It’s sort of out of place. If you leave Western reality and go to African or China, there’s a lot more focus on family, and the group. You belong to a portion of society. You’re not the one... the richest guy, the best-dressed guy, or whatever. Your value as a human is based much more on your sensitivity to the other members of the group.
I agree with you completely. You couldn’t have said it better. That says it all, you know.
You know, I gotta avoid that. I’m just here to ask questions! But it does strike me as out of place. It’s not the way our culture works. How do you deal with that? You gotta make a living, and keep going from day to day, and feel like you’re doing something meaningful. And you’re surrounded by people who have a different vision. Do you feel driven by pursuing your musical vision?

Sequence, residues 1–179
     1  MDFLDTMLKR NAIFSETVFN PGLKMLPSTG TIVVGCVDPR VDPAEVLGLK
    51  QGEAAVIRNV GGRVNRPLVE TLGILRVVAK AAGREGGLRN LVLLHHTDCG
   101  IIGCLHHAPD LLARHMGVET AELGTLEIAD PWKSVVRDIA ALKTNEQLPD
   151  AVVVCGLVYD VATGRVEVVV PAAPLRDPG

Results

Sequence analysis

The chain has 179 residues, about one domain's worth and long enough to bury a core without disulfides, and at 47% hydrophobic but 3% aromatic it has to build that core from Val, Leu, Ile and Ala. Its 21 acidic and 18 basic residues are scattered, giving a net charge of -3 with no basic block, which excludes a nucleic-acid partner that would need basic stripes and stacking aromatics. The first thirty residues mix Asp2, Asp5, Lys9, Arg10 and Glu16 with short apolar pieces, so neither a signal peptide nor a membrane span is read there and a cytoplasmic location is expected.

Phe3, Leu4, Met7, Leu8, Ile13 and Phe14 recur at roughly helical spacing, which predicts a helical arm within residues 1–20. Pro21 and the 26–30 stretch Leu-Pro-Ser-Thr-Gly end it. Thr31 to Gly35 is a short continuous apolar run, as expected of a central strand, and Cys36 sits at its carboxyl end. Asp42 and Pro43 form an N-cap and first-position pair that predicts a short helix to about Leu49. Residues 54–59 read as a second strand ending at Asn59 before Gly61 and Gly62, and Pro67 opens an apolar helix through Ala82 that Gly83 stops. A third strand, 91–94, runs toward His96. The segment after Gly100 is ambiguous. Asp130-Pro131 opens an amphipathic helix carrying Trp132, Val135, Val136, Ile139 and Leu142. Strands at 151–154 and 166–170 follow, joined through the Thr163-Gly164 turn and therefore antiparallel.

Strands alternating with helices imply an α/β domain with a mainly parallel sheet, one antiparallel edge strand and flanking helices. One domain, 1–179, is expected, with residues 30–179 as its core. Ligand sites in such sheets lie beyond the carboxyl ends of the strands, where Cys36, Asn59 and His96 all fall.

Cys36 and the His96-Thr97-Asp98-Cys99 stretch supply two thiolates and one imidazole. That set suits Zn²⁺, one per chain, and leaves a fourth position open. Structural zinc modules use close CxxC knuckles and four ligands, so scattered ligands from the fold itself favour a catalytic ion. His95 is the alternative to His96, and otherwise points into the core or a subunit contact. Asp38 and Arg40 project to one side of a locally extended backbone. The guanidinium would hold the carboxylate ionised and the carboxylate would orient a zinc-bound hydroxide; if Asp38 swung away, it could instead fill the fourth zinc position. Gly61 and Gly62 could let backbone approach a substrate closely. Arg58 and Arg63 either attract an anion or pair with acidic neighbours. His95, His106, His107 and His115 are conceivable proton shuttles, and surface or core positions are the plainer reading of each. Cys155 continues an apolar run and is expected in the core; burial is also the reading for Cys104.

Yeah. I would say "driven" is a good word. Very few of us could hang in here and deal with this unless we couldn’t live without it. Because the economic reality is what it is, you know. I am driven by it. And all the other people who carry on, they’re all driven by it, too.
What does it do for you?
The biggest thing it gives me is that it keeps me connected to truth. And connected to the creativity, which is connected to truth and the source. The universe is constantly being created and recreated. That’s the difference from getting up at 9 and going to the factory and coming home... you might be making boxes at the factory, so that’s creating. But it’s still not the same process, you know?
Are you able to support yourself from this?
Yeah, I’m able to do it with thanks to the generous European market. Hopefully that never changes. Already it’s gotten tougher... if it gets too tough, I might be down at Friendly’s, you know, washing dishes or something. I have a nice scene in New York, also. I work quite a bit in New York. But I couldn’t make it there, doing what I do... I’d have to change my structure if I was going to make a living just in New York. You couldn’t do it just by creative music. If you couldn’t travel — if you didn’t have the European market — you’d have to play Broadway shows or something, like a lot of people do.